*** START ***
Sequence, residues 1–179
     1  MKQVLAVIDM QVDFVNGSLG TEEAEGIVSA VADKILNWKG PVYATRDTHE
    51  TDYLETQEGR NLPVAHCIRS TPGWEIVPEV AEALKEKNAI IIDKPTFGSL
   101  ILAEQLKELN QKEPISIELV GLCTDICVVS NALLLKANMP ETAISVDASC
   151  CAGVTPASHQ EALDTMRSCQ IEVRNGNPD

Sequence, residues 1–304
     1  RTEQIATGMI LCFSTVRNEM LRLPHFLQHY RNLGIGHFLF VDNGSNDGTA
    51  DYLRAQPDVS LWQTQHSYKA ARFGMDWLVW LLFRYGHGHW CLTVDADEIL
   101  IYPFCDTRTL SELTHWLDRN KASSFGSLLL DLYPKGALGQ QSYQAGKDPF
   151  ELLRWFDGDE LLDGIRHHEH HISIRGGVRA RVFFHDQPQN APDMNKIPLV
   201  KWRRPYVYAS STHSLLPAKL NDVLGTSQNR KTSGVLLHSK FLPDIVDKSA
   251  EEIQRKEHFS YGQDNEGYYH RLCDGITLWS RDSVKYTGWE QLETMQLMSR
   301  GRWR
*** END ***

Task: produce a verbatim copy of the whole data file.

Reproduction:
Sequence, residues 1–179
     1  MKQVLAVIDM QVDFVNGSLG TEEAEGIVSA VADKILNWKG PVYATRDTHE
    51  TDYLETQEGR NLPVAHCIRS TPGWEIVPEV AEALKEKNAI IIDKPTFGSL
   101  ILAEQLKELN QKEPISIELV GLCTDICVVS NALLLKANMP ETAISVDASC
   151  CAGVTPASHQ EALDTMRSCQ IEVRNGNPD

Sequence, residues 1–304
     1  RTEQIATGMI LCFSTVRNEM LRLPHFLQHY RNLGIGHFLF VDNGSNDGTA
    51  DYLRAQPDVS LWQTQHSYKA ARFGMDWLVW LLFRYGHGHW CLTVDADEIL
   101  IYPFCDTRTL SELTHWLDRN KASSFGSLLL DLYPKGALGQ QSYQAGKDPF
   151  ELLRWFDGDE LLDGIRHHEH HISIRGGVRA RVFFHDQPQN APDMNKIPLV
   201  KWRRPYVYAS STHSLLPAKL NDVLGTSQNR KTSGVLLHSK FLPDIVDKSA
   251  EEIQRKEHFS YGQDNEGYYH RLCDGITLWS RDSVKYTGWE QLETMQLMSR
   301  GRWR